Introduction: In the UK, several hundred patients notified with tuberculosis (TB) die every year. The aim of this article is to describe trends in deaths among notified TB patients, explore risk factors associated with death and compare all-cause mortality in TB patients with age-specific mortality rates in the general UK population. Methods: We used 2001–2014 data from UK national TB surveillance to explore trends and risk factors for death, and population mortality data to compare age-specific death rates among notified TB patients with annual death rates in the UK general population. Results: The proportion of TB patients in the UK who died each year declined steadily from 7.1% in 2002 to 5.5% in 2014. One in five patients (21.3%) was diagnosed with TB post-mortem. Where information was available, almost half of the deaths occurred within 2 months of starting treatment. Risk factors for death included demographic, disease-specific and social risk factors. Age had by far the largest effect, with patients aged ≥80 years having a 70 times increased risk of death compared with those aged <15 years. In contrast, excess mortality determined by incidence ratios comparing all-cause mortality among TB patients with that of the general population was highest among children and the working-age population (15–64 years old). Conclusions: Efforts to control TB and improve diagnosis and treatment outcomes in the UK need to be sustained. Control efforts need to focus on socially deprived and vulnerable groups. There is a need for further in-depth analysis of deaths of TB patients in the UK to identify potentially preventable factors.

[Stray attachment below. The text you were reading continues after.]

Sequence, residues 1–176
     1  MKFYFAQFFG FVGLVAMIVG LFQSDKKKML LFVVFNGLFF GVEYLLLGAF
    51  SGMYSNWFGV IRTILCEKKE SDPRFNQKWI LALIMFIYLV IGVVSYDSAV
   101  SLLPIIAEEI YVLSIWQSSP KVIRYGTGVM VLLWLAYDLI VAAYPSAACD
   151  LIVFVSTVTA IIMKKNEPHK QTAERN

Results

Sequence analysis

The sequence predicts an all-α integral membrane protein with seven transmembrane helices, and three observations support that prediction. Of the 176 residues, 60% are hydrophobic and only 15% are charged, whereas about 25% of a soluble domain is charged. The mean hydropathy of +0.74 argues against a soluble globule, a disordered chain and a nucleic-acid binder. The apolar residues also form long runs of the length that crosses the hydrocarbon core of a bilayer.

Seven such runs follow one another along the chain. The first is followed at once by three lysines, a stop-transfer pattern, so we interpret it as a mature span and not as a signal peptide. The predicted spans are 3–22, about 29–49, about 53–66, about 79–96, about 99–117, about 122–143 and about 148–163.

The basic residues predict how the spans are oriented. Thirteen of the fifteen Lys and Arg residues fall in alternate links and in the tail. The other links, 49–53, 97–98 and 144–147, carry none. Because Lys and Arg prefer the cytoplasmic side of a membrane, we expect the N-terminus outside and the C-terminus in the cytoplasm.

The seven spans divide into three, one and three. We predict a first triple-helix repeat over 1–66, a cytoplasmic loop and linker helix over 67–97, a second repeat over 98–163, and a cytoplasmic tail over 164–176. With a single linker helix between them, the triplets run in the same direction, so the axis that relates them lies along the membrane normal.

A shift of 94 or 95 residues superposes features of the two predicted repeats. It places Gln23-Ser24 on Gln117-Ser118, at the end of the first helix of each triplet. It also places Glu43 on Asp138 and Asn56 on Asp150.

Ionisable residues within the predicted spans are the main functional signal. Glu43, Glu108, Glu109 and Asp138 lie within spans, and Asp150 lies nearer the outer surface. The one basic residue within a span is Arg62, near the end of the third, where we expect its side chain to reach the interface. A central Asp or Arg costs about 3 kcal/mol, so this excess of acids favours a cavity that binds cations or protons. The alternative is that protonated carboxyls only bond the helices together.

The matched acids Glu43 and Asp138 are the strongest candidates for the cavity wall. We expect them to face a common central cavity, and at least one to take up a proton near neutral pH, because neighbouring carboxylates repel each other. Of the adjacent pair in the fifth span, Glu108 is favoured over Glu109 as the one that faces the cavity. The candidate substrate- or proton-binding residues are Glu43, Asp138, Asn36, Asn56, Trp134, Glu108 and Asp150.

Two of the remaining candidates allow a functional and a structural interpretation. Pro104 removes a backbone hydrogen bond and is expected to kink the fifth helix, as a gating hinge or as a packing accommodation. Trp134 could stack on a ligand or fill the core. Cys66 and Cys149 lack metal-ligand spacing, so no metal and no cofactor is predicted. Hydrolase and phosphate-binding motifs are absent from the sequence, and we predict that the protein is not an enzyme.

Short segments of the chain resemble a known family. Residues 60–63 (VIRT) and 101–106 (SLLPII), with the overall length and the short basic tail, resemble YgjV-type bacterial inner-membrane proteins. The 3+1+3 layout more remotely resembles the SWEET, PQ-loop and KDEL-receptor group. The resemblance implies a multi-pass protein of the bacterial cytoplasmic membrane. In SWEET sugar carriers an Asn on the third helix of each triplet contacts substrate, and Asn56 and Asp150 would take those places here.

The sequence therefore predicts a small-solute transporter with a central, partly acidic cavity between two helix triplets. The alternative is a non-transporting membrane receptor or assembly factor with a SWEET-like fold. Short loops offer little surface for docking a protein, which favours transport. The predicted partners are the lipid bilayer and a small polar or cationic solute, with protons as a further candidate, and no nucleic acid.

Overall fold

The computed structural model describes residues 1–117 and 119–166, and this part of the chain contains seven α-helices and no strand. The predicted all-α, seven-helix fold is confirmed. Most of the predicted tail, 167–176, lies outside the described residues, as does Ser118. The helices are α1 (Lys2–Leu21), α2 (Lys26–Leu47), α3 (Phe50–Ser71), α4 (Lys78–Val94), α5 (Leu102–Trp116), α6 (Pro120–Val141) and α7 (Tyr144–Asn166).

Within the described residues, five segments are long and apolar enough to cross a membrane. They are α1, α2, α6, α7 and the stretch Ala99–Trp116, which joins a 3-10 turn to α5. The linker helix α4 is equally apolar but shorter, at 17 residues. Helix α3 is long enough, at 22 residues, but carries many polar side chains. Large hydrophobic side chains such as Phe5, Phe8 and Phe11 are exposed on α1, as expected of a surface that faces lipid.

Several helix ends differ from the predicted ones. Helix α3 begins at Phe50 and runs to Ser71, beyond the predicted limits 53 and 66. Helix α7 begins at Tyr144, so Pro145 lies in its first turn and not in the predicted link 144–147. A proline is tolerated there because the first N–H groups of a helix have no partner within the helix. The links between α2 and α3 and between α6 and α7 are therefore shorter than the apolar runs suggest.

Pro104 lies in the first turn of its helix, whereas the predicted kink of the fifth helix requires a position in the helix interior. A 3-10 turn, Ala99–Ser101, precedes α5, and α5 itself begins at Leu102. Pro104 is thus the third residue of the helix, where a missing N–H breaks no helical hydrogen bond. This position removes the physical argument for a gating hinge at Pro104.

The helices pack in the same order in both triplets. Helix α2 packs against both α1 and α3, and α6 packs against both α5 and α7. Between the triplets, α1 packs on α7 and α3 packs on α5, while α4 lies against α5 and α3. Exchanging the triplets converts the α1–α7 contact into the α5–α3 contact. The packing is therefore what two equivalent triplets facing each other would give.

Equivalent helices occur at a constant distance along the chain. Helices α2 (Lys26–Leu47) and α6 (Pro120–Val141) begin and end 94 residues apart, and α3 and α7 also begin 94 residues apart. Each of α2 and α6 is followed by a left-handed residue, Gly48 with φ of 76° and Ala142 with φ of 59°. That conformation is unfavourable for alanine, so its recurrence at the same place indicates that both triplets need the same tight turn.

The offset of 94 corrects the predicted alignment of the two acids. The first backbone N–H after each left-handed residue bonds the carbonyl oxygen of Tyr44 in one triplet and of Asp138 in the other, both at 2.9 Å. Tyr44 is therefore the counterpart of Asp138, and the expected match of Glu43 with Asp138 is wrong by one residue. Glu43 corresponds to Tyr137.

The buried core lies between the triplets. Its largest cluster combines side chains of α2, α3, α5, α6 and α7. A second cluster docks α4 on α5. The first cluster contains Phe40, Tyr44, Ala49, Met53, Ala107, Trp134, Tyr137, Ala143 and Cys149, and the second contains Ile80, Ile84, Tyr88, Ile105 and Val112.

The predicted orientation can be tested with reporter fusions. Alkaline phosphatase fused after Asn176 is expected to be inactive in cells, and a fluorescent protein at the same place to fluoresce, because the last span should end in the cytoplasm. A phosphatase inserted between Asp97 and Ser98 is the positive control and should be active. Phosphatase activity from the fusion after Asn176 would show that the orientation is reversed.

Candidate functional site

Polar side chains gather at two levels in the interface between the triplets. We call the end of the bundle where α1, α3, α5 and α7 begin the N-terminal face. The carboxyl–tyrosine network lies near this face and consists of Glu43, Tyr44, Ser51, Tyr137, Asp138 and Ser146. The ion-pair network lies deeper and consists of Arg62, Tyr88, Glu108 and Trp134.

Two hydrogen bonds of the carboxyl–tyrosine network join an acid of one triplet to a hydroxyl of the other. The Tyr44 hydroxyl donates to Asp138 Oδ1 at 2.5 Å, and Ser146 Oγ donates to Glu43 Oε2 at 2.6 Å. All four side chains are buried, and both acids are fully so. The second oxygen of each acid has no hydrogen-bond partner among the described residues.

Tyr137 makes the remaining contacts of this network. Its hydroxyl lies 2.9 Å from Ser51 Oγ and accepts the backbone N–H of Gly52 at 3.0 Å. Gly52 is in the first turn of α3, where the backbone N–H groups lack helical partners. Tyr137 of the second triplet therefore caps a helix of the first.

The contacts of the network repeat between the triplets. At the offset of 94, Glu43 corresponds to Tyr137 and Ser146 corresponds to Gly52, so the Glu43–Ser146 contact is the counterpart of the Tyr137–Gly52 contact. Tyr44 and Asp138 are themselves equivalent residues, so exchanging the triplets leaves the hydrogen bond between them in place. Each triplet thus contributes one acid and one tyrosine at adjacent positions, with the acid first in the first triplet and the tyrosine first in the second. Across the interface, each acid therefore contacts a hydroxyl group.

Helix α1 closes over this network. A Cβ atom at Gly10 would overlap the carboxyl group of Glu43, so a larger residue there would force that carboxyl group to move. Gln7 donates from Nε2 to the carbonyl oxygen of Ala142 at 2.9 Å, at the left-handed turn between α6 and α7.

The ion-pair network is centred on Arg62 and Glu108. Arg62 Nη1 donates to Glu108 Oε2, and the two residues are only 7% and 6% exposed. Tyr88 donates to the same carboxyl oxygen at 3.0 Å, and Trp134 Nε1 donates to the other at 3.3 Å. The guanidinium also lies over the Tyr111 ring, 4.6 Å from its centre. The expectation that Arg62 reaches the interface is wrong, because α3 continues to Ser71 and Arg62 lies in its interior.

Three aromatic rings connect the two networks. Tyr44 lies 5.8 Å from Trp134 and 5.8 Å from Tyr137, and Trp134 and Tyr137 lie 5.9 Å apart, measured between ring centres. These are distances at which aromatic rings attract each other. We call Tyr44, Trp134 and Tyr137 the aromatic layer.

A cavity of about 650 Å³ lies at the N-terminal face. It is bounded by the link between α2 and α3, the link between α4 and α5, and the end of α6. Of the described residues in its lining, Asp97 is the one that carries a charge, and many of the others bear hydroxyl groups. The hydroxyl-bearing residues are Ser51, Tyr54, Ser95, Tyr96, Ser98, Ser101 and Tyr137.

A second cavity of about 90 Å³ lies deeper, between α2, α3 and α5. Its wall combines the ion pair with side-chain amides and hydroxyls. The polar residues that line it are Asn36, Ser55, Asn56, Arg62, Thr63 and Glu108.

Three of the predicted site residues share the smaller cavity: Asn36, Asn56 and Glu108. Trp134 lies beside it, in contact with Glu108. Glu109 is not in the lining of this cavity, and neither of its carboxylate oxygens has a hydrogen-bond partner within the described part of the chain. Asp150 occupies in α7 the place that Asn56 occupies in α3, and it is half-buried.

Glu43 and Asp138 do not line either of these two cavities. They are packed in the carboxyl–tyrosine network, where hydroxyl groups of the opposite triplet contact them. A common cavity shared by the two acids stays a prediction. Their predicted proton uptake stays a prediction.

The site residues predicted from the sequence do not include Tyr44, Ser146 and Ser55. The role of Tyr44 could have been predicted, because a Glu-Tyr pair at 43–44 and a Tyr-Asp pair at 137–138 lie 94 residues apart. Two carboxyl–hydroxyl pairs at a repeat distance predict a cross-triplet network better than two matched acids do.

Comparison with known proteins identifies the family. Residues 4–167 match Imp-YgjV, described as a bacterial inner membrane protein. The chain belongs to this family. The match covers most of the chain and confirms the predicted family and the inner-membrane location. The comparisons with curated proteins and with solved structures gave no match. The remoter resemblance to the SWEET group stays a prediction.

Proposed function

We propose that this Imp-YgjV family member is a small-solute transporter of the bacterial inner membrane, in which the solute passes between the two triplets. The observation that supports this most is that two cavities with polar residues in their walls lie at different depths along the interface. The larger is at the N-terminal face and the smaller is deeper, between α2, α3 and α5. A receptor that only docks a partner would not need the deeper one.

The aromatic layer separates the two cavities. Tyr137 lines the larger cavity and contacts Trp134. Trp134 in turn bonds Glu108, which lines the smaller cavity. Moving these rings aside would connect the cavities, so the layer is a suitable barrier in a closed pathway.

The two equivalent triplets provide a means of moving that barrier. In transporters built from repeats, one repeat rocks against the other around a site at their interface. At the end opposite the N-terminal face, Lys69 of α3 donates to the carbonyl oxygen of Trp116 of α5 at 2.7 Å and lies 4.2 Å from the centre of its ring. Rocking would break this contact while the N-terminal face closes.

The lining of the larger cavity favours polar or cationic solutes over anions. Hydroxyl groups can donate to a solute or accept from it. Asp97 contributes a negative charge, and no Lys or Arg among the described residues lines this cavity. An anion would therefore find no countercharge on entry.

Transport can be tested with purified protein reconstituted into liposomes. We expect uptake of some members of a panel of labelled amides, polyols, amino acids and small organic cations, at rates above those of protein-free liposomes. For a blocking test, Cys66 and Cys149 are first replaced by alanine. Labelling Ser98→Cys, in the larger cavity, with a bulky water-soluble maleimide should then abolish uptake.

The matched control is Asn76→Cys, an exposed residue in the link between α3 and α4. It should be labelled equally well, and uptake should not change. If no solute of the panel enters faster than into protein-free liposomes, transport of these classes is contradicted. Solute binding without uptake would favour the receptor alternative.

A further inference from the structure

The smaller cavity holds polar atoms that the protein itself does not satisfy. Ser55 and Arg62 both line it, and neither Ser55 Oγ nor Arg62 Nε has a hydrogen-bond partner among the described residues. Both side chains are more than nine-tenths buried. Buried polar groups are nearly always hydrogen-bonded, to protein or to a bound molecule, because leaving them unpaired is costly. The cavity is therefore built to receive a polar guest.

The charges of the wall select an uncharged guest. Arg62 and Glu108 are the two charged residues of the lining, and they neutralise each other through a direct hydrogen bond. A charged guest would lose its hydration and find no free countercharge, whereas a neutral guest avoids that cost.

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© ERS 2019.